Block overlap: Set of blocks with exactly the same external labels in meta.json and for the same time or overlapping time period.
Thanos is designed to never end up with overlapped blocks. This means that (uncontrolled) block overlap should never happen in a healthy and well configured Thanos system. That’s why there is no automatic repair for this. Since it’s an unexpected incident:
All reader components like Store Gateway will handle this gracefully (overlapped samples will be deduplicated).
Thanos compactor will stop all activities and HALT or crash (with metric and will error log). This is because it cannot perform compactions and downsampling. In the overlap situation, we know something unexpected happened (e.g manual block upload, some malformed data etc), so it’s safer to stop or crash loop (it’s configurable).
In this halted example, we can read that compactor detected 2 overlapped blocks. What’s interesting is that those two blocks look like they are “similar”. They are exactly for the same period of time. This might mean that potential reasons are:
Duplicated upload with different ULID (non-persistent storage for Prometheus can cause this)
2 Prometheus instances are misconfigured and they are uploading the data with exactly the same external labels. This is wrong, they should be unique.
Checking producers log for such ULID, and checking meta.json (e.g if sample stats are the same or not) helps. Checksum the index and chunks files as well to reveal if data is exactly the same, thus ok to be removed manually. You may find scripts/thanos-block.jq script useful when inspecting meta.json files, as it translates timestamps to human-readable form.
You are running Thanos (sidecar, ruler or receive) older than 0.13.0. During transient upload errors there is a possibility to have overlaps caused by the compactor not being aware of all blocks See: this
Misconfiguraiton of sidecar/ruler: Same external labels or no external labels across many block producers.
Running multiple compactors for single block “stream”, even for short duration.
Manually uploading blocks to the bucket.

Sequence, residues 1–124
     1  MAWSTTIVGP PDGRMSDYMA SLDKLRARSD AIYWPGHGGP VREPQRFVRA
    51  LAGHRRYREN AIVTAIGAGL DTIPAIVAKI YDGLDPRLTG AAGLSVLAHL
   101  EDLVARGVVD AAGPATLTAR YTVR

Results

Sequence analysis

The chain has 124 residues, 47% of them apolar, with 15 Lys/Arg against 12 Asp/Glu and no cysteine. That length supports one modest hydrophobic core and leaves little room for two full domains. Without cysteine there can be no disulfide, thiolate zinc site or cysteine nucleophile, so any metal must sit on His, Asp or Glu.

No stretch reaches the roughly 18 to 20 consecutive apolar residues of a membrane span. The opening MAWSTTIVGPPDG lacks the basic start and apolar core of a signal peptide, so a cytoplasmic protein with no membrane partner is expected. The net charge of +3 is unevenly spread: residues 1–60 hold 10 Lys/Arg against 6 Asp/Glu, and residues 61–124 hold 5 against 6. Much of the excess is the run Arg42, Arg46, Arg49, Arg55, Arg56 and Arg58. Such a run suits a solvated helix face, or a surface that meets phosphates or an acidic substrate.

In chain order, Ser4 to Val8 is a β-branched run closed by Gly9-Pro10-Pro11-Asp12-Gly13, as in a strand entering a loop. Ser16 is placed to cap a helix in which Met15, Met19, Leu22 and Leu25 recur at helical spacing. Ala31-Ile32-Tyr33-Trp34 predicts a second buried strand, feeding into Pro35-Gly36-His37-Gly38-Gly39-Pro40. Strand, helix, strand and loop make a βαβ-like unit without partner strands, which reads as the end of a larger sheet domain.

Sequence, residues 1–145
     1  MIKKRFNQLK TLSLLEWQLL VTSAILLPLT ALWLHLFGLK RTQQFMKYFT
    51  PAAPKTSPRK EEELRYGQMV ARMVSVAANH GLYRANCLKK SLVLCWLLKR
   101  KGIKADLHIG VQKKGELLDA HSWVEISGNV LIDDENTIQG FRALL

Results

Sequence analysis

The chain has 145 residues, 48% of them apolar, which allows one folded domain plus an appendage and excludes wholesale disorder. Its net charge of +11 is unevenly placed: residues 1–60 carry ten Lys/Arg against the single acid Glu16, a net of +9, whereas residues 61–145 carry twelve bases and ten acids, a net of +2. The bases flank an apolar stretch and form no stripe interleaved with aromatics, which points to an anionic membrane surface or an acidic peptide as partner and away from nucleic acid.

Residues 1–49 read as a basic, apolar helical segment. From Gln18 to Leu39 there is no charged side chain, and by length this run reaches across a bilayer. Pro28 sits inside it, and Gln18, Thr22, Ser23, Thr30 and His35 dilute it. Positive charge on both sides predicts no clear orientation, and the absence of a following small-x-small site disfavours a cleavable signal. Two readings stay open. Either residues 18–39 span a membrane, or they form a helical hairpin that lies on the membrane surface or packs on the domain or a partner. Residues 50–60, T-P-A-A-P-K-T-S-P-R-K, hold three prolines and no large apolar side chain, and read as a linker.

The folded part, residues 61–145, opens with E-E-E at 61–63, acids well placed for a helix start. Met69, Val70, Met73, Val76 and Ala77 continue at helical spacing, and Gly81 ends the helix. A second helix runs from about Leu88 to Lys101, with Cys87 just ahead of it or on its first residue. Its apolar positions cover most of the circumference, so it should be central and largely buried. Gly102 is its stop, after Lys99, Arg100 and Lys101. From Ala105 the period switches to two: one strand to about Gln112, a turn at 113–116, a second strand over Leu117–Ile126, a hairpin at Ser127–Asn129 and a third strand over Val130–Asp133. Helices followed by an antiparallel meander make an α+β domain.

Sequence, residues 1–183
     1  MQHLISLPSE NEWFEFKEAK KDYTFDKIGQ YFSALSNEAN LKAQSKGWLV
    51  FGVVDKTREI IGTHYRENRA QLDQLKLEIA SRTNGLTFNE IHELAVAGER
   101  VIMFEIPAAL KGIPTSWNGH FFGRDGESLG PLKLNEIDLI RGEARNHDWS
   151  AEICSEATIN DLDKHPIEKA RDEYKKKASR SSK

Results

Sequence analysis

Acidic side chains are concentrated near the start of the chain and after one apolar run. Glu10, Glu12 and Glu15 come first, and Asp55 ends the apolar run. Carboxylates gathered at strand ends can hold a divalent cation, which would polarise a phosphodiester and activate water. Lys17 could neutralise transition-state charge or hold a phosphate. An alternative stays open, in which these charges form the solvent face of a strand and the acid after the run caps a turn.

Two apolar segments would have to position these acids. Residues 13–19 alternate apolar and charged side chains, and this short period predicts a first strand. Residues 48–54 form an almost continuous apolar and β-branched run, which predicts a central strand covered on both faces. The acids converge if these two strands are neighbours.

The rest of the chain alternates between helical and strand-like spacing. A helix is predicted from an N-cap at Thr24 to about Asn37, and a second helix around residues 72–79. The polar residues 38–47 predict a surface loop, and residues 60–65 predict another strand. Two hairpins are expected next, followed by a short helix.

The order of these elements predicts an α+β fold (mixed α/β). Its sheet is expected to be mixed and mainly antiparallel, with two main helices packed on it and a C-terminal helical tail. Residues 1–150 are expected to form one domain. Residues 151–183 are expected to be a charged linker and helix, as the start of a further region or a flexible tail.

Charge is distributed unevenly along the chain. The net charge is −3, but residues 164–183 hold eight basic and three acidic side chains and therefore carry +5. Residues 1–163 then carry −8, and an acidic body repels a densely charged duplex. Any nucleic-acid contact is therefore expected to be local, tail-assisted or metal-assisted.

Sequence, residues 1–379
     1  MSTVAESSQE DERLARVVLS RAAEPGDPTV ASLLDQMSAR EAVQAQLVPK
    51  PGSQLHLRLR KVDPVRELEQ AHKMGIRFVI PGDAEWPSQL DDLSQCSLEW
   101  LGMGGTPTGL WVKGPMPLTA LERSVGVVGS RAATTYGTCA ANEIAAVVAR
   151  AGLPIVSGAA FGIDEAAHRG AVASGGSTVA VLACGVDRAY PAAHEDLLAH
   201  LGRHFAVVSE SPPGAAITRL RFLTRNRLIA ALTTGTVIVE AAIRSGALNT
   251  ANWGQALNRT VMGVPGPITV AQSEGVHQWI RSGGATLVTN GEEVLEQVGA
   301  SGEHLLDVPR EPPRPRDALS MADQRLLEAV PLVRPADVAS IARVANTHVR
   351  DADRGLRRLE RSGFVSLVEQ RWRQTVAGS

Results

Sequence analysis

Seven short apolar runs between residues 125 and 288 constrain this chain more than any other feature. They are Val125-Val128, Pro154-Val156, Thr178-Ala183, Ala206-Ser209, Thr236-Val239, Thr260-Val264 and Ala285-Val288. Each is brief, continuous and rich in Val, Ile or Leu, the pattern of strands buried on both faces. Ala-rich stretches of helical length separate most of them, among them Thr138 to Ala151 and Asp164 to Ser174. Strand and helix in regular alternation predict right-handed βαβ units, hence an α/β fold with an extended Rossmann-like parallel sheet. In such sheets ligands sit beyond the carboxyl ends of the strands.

Eventually consistent block storage until we fully implement RW for bucket
Compactor can be blocked for some time, but if it is urgent. Mitigate by removing overlap or better: Backing up somewhere else (you can rename block ULID to non-ulid).
Who uploaded the block? Search for logs with this ULID across all sidecars/rulers. Check access logs to object storage. Check debug/metas or meta.json of problematic block to see how blocks looks like and what is the source.
Determine what you misconfigured.
If all looks sane and you double-checked everything: Then post an issue on Github, Bugs can happen but we heavily test against such problems.
level=warn ts=2021-05-01T04:57:12.249429787Z caller=writer.go:100 component=receive component=receive-writer msg="Error on ingesting samples that are too old or are too far into the future"num_droppped=47
Check the pod history of Thanos Receiver to see if it is case #1.
For case #2, if you installed Prometheus using the kube-prometheus-stack helm chart from the Prometheus Community, you can check the “Prometheus / Remote Write dashboard”. If the Rate[5m] is above 0 for a long period, it is case #2 and you should consider adding replica count or resources to Thanos Receiver.
TSDB expects to write samples in chronological order for each series.
A sample with timestamp t1 is sent to the Thanos Receiver and accepted, any sample with timestamp t < t1 and identical label set being sent to the receiver after this will be determined as out-of-order sample.
Enable debug log on Thanos Receiver (you may need to update cli parameter or helm chart values, depending on how you deployed Thanos Receiver). You can inspect the label set of the out-of-order sample in the debug log of Thanos Receiver, it may provide you some insight.
Inspect the topology and configuration of your Prometheus deployment, see if they match the above possible causes.